2 min

Turning a queer ear

Proud FM hits the airwaves

Canada’s first radio station dedicated to queer listeners launches next month.

Owned by the Evanov Radio Group, which also owns the top 40 station Z103.5 and the multi-lingual CIAO AM, Proud FM goes on the air Fri, Apr 16.

The station will be broadcastin Toronto on the low-power frequency 103.9FM, which will reach most of central Toronto.

The launch comes more than a year after Pink Triangle Press (PTP), which publishes Xtra, removed its support from the start-up, raising doubts about Evanov’s commitment to main-tain its queer focus once the licence was granted.

One of the things the Canadian Radio-television And Telecommunications Commission was looking for in granting the licence was a recognition of Toronto’s diversity.

“We’re hoping to give the queer community what it’s asking for, which is a medium that speaks directly to them,” says Sean Moreman, Proud FM’s director of news programming.

Ken Popert, president and executive director of PTP, continues to have reservations.

“The proof will be in the pudding three of four months down the line,” says Popert. “From the point of view of our personal experience with them, I’m just going to wait and see if they deliver what they promise.”

Moreman says Proud FM will be primarily a music station, with news and talk shows featuring gay personalities and subjects interspersed throughout the day. The music selected will target a queer audience.

“Our music director and programming director screen thousands of songs, and what goes into their decision-making will be how important is this music to the community, not necessarily just radio hits, but club hits and songs that were popular at parties,” says Moreman. “We want music that triggers emotions.”

Deb Pearce, an out lesbian who will host the midday show from 10am to 3pm, wants to give airplay to up-and-coming local talent and queer bands.

“I myself would like to focus on Canadian talent and local bands to give them some space. I just like to celebrate people who bring their drum kit to a local bar to show off their music,” she says.

Other personalities will include former What’s For Dinner? hosts Ken Kostick and Mary Jo Eustace, who will host the morning show, and comedian Maggie Cassella, who will helm the afternoon drive.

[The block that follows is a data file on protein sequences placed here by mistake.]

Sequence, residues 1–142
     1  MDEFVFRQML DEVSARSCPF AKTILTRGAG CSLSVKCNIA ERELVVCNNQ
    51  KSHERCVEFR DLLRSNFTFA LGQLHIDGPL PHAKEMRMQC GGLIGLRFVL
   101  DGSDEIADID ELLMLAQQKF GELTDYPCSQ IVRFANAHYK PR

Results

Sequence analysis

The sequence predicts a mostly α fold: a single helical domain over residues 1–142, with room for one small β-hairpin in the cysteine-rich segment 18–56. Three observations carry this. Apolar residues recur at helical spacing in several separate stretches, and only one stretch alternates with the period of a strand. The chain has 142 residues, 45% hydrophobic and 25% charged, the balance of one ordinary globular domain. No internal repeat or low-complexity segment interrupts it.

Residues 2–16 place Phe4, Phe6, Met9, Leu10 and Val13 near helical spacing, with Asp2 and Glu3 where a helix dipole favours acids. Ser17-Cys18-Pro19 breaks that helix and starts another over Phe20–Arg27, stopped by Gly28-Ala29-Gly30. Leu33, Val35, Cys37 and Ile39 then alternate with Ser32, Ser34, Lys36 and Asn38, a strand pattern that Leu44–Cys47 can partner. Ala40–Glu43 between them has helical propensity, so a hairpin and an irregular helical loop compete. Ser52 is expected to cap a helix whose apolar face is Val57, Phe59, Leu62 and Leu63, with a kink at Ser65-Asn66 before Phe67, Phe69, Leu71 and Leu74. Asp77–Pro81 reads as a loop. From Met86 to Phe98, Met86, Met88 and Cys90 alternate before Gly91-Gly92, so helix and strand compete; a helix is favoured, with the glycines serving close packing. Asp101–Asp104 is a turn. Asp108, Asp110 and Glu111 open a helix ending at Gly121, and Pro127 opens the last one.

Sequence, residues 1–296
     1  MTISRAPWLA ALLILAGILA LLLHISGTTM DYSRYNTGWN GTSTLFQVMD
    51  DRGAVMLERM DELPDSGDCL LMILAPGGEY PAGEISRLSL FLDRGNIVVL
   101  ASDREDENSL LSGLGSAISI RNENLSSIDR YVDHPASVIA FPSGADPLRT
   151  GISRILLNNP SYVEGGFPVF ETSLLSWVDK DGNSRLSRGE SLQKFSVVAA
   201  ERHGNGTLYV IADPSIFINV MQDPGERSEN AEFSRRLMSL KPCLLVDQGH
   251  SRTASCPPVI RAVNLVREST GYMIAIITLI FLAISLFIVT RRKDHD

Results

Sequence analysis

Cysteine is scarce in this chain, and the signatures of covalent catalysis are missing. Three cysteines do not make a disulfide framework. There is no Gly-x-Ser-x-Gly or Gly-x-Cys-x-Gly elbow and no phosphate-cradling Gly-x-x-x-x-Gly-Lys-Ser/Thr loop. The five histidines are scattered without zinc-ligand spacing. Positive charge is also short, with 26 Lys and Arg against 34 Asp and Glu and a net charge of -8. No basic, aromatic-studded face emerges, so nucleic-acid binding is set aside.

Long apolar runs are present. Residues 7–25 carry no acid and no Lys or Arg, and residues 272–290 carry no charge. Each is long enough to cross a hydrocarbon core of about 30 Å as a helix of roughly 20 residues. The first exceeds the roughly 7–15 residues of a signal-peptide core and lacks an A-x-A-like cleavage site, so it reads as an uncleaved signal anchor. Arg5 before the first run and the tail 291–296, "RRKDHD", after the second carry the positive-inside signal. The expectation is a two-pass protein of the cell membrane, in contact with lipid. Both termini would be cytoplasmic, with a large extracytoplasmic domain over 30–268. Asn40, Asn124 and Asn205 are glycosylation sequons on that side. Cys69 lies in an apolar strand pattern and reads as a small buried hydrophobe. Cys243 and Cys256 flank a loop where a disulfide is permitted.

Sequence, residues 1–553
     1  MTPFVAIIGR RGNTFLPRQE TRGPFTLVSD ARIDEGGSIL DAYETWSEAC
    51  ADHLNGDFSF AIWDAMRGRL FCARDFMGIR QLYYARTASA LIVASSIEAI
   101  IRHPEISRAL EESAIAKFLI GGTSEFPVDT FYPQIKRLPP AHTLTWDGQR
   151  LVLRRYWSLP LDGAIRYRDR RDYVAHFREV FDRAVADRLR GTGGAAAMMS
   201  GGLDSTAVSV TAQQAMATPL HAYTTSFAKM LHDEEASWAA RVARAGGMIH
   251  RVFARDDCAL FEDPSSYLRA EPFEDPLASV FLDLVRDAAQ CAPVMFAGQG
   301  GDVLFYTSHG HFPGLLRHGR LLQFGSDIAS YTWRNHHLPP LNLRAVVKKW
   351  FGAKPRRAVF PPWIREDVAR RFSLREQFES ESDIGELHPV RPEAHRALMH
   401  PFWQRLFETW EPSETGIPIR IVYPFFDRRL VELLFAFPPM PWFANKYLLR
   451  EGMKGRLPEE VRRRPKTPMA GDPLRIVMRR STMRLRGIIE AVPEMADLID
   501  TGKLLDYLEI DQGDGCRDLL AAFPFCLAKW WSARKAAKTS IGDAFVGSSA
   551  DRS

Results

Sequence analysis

While a program schedule has yet to be finalized, Moreman says the station will play different genres of music in weekly shows. Show tunes, classical music and opera will each have weekend shows; dance hits get priorityin the evenings.

Other shows planned for broadcast include Probe, a daily lunchtime current affairs show that highlights national and international queer issues, and Voices, a show about historical experiences in Toronto’s gay community.

Pearce, a former DJ at Jack FM, is excited to work in an environment where she feels comfortable being out.

“What I’m looking forward to the most is a little less personal censorship,” she says. “I was in no way, shape or form discouraged from being out and proud at Jack, and in fact there were a number who were encouraging me to be out, but I preferred not to.

“Instead of ‘my partner and I’ or ‘my lover and I,’ now I can say ‘she’ and use those kinds of pronouns.”

Moreman says the new station will not be overtly sexual or follow a shock-jock format.

“There will be discussion of a sexual nature, but that’s not our focus,” says Moreman. “We’re not out to be a shock station, but we’re not out to be melba toast either. Nothing is taboo, within the realms of regulation requirements.”